These days, many economists are trumpeting weak business conditions in the coming months. But the recession is not a bad thing for Hyundai Motor Co. and Kia Corp., which are enjoying a resurgence of their small trucks.
According to industry sources on Monday, Hyundai Transys Co, a subsidiary of Hyundai Motor Group that supplies auto parts such as transmissions and axles, in mid-February began additional work beyond the usual restrictions.
In Korea, workers in mainstream businesses are prohibited from working more than 52 hours a week. However, with the consent of the employee and approval from the ministry of labor, companies may ask them to work 12 additional hours per week for up to three months in the event of an exceptional case such as a sudden increase in product demand or short-term requests of R&D.
A Hyundai Transys official said workers at units that produce automatic transmissions for 1-ton gasoline-powered trucks made by Hyundai Motor and Kia, two automakers of South Korea’s largest automaker, Hyundai Motor Group.
The workers are currently working up to 64 hours a week – the most overtime since the global auto parts shortage caused by the outbreak of the COVID-19 pandemic two years ago.
“With the weak sales of electric vehicles, the demand for combustion engine vehicles is increasing again. Therefore, we are also dealing with transportation supply. Demand is expected to increase rapidly in the latter half of this year due to the economic slowdown,” he said. . Hyundai Transys official.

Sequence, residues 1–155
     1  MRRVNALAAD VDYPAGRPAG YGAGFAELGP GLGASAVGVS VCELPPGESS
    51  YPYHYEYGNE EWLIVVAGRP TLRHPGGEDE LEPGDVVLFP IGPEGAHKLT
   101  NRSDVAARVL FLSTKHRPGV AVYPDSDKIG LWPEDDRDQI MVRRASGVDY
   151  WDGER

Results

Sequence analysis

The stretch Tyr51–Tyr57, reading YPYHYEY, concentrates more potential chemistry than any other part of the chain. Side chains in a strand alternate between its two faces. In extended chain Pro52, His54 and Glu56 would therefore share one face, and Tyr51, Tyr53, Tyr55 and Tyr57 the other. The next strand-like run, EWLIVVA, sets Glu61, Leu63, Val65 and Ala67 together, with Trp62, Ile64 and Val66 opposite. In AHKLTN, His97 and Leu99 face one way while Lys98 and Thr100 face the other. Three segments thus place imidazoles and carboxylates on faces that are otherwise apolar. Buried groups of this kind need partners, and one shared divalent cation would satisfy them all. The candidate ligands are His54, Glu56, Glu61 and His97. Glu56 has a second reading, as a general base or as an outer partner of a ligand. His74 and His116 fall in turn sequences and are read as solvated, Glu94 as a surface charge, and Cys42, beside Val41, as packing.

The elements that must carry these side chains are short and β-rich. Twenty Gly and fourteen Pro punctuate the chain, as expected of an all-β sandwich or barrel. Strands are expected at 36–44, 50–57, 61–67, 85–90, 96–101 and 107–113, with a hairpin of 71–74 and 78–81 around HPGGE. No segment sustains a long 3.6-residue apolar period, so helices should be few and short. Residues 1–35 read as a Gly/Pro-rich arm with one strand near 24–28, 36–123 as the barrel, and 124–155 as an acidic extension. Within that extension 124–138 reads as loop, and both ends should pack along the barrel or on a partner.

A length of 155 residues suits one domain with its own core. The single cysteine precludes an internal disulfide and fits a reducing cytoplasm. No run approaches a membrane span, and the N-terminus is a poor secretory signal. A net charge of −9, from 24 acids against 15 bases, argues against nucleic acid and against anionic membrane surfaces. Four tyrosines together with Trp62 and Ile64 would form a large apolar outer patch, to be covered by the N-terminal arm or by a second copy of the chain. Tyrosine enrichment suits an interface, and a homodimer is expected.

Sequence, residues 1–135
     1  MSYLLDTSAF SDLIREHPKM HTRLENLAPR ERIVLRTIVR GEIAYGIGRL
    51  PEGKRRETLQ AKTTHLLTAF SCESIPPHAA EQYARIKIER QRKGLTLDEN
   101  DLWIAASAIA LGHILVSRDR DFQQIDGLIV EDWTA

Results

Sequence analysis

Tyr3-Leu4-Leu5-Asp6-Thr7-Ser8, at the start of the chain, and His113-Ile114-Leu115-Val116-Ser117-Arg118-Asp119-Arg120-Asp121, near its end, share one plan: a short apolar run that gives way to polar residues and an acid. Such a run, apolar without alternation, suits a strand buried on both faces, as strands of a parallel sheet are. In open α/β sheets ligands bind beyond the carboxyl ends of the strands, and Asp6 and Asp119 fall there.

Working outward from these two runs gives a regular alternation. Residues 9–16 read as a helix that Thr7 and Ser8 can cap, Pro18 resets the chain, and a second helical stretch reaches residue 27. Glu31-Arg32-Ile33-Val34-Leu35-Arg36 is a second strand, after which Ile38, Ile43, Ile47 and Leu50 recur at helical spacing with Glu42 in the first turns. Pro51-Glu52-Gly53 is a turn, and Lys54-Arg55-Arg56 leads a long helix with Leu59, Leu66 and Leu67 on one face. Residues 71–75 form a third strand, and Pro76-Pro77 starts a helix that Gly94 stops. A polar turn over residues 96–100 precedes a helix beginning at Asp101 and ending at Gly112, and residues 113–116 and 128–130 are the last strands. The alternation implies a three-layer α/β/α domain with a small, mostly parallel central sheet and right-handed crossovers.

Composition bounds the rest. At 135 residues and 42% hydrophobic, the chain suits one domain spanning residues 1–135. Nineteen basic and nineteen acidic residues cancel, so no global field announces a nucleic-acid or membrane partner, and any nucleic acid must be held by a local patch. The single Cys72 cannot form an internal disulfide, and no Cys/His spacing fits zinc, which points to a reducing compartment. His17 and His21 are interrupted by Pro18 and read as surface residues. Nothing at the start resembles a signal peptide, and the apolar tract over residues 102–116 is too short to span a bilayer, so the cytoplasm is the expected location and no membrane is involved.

From February 1, new LPG Hyundai Porter buyers must wait four months to receive their ordered vehicles. Up to three months for the delivery of the new LPG Kia Bongo, according to Hyundai Motor Group.
“Last month, half of new car purchase requests were for Porters. Some foreigners, knowing they can’t buy a new car right away, are turning to the used car market to buy a small truck,” said a Hyundai Motor dealer in Seoul.
According to Seoul-based automotive data provider CarIsYou, the Hyundai Porter and Kia Bongo sold 11,070 units and 6,393 units, respectively, in the used car market in Korea last month.
With those figures, the two took first and second place respectively, followed by the Kia Morning compact sedan, which sold 3,950 units.
THE END OF THE ERA OF THE DIESEL CAR
Last November, Hyundai and Kia stopped making small diesel trucks and replaced them with LPG vehicles in line with the industry’s shift towards environmentally friendly vehicles.
Automakers instead started building the same models with the 2.5 liter LPG T-LPDi turbo engine or making them electric.
The two images have been widely used by delivery service operators in Korea for two decades. The production of 1 ton of the Kia Bongo automatic diesel model – one of the most popular such cars – has already stopped on July 14.
Diesel cars are coming out of the car market with enhanced environmental regulations.
Under the government’s toughened environmental regulations, delivery service providers were banned from registering new diesel vehicles from January.
The government is offering up to 9 million shillings ($6,757) as a subsidy to those who switch LPG vehicles from diesel vehicles.
The halt in production of diesel trucks also coincides with stricter Euro 7 emission rules, Hyundai Motor Group said.
Write to Nan-Sae Bin at firstname.lastname@example.org
In-Soo Nam edited this article.